Continue reading “If light has no mass, why is it affected by gravity? General Relativity Theory” »

Jun 6, 2023

Man spends 93 days at the bottom of the Atlantic — now he’s 10 years younger

Posted by in category: biotech/medical

Retired naval officer Joseph Dituri has spent more than three months living inside a 100sqft pod in the depths of the Atlantic Ocean.

His time spent below the waves was part of a study group to research the effects of a pressurised environment on the human body.

Jun 6, 2023

What’s the (dark) matter with Euclid?

Posted by in category: cosmology

Euclid is ESA’s mission to shed light on dark matter and dark energy, but teams at the Agency’s mission control centre in Darmstadt, Germany, are also in the dark. A series of problems have befallen the mission in pre-launch simulations.

Currently about halfway through the Euclid simulations campaign, the key focus in the Main Control Room is the Launch and Early Orbit Phase (LEOP) and spacecraft commissioning.

These are the two most critical moments in a mission’s life; as it wakes up after the rigours of launch, makes its first manoeuvres towards its target destination and as its instruments are commissioned.

Jun 6, 2023

“Genotoxic” Warning: Chemical Found in Common Sweetener Damages DNA

Posted by in categories: biotech/medical, chemistry, genetics

Sucralose, a widely used artificial sweetener, produces a DNA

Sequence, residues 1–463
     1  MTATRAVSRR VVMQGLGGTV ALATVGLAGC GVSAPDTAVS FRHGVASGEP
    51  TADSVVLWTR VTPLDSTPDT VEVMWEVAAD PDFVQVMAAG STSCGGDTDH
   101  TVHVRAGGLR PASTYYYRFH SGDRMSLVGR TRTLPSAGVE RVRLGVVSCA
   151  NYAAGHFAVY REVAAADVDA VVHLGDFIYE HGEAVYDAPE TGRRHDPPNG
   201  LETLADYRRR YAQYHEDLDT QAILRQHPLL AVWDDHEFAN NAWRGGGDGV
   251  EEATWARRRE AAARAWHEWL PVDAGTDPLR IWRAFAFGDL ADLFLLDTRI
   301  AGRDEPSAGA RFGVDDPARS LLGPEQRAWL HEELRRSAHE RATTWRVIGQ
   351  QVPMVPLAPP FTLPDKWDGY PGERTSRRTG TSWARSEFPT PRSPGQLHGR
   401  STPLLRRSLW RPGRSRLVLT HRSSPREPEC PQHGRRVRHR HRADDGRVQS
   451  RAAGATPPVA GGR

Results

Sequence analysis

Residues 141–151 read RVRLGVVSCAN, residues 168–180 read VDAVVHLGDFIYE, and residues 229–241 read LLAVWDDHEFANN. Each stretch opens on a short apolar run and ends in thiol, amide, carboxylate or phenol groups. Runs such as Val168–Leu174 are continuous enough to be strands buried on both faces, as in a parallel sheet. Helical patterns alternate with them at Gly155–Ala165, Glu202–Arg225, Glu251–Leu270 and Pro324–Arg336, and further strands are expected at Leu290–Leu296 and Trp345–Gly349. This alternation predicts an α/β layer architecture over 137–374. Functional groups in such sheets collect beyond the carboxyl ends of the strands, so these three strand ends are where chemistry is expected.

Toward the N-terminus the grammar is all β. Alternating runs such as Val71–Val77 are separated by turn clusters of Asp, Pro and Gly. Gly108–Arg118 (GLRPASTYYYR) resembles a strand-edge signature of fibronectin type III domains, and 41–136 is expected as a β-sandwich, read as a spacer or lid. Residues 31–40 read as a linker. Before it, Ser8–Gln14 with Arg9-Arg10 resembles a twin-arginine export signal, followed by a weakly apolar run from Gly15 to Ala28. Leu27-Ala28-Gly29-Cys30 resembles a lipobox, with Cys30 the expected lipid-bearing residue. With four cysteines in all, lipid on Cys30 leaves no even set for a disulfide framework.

DNA, or deoxyribonucleic acid, is a molecule composed of two long strands of nucleotides that coil around each other to form a double helix. It is the hereditary material in humans and almost all other organisms that carries genetic instructions for development, functioning, growth, and reproduction. Nearly every cell in a person’s body has the same DNA. Most DNA is located in the cell nucleus (where it is called nuclear DNA), but a small amount of DNA can also be found in the mitochondria (where it is called mitochondrial DNA or mtDNA).

Jun 6, 2023

Researchers demonstrate secure information transfer using spatial correlations in quantum entangled beams of light

Posted by in category: quantum physics

Researchers at the University of Oklahoma led a study recently published in Science Advances that proves the principle of using spatial correlations in quantum entangled beams of light to encode information and enable its secure transmission.